12 June 2012

Don't use valves with brazed-in nozzles on ammonia systems, says IoR

UK: THE Institute of Refrigeration has recommended that valves, where the valve nozzles are brazed into the main body, should not be used on ammonia refrigeration plant.
This latest safety alert comes as an update to a guidance note issued in May last year. It follows an incident in 2010 when a refrigeration engineer received severe burns from an unexpected ammonia release at a food distribution warehouse.

While the original guidance note blamed the incident on corrosion, further recent failures of this type of valve suggest that this is not the only cause. The IoR reports that the assembly of the valve is susceptible to lack of complete fusion of the brazing filler ring, which in turn weakens the joint of the side port to the valve body.

'The Institute of Refrigeration recommends that all such valves, where the valve nozzles are brazed into the main body, should not be used on ammonia refrigeration plant,' says the update.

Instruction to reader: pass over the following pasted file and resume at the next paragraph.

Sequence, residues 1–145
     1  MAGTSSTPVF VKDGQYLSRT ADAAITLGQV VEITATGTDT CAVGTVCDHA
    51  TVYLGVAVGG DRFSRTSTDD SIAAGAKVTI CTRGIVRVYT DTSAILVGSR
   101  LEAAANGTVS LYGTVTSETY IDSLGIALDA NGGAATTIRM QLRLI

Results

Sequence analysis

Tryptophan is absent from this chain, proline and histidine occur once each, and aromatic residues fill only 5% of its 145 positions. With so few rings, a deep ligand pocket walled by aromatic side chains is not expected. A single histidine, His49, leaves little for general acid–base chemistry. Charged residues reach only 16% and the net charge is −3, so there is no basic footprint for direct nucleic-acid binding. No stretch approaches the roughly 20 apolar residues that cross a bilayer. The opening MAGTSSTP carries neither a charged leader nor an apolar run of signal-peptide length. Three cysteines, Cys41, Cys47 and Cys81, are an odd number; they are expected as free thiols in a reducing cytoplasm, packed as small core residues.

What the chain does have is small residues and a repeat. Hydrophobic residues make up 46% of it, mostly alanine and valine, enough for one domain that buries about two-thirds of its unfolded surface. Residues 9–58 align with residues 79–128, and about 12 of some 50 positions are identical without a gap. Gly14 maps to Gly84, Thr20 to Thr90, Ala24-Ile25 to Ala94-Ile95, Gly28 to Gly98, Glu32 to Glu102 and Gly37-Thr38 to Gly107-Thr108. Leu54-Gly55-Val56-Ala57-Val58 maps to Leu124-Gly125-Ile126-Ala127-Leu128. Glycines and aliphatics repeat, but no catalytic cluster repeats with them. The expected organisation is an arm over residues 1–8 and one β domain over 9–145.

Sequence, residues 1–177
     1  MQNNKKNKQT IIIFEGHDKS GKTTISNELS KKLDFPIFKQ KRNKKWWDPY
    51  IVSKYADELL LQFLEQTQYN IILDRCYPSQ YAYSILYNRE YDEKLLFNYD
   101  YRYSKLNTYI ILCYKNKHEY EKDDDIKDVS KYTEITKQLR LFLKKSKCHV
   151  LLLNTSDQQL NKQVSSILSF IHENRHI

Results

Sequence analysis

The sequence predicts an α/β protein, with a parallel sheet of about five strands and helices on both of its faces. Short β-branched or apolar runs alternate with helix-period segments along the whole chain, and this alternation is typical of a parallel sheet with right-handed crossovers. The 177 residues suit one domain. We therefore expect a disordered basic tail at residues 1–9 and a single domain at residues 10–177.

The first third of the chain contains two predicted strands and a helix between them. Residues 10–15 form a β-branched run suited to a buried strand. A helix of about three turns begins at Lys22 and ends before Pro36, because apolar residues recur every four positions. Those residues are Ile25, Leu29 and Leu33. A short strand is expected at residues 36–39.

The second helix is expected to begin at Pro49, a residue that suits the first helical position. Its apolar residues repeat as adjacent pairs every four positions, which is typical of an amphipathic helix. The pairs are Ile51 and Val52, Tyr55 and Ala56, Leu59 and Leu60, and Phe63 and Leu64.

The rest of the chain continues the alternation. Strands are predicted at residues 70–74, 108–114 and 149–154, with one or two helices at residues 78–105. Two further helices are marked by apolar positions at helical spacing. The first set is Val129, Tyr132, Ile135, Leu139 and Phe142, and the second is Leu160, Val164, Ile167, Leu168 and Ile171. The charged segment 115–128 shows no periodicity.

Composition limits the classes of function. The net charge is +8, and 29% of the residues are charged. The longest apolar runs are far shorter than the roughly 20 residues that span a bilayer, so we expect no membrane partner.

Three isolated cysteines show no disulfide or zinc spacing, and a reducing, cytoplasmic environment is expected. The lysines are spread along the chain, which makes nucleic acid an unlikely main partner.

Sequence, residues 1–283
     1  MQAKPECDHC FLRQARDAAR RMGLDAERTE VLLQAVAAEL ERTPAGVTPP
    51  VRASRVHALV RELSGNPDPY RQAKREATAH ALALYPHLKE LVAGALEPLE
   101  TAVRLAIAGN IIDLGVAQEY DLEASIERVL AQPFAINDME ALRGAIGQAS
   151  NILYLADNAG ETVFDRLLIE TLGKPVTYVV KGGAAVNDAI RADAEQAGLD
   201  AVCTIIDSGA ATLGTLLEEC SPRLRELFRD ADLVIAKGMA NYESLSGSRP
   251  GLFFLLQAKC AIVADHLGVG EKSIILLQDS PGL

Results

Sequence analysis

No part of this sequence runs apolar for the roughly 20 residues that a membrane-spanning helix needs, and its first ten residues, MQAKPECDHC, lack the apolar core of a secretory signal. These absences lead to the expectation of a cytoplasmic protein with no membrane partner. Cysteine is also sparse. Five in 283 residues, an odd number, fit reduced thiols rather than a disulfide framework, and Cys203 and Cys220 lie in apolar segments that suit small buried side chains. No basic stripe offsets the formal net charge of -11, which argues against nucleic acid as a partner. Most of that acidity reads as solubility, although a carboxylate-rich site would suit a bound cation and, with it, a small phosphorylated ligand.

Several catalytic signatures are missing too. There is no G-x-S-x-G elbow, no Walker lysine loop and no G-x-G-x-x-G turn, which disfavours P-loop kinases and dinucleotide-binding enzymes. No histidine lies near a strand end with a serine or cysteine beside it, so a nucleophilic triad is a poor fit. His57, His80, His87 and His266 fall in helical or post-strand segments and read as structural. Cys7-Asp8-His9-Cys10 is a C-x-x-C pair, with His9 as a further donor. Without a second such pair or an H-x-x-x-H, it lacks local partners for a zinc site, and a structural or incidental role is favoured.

It further says that any valves fitted to existing systems should be carefully examined. If there is any doubt as to their integrity they should be replaced immediately with a suitable valve manufactured with a one-piece body, and should be treated with extreme care until they are replaced.

'This should include clearly labelling the valve with a warning, protecting it from accidental mechanical impact and using appropriate PPE when working on the system in the vicinity of the valve,' it concludes.

In the original incident at a distribution warehouse in 2010, the refrigeration engineer received severe burn injuries when a significant amount of refrigerant was suddenly released while he was in the process of removing a valve cap from a DN 15 (½') charging valve. The valve was installed on the low pressure side of an ammonia system.

The engineer was using a check spanner to hold the body of the valve whilst undoing the cap with another spanner but even so the valve connection to the plant failed.

It was concluded that the failure was due to corrosion under the preformed brazing filler metal thus weakening the joint on to the valve parent metal. The corrosion had started externally and that forces exerted in fitting the valves, removing caps or fitting charging lines etc, may have damaged the valve.

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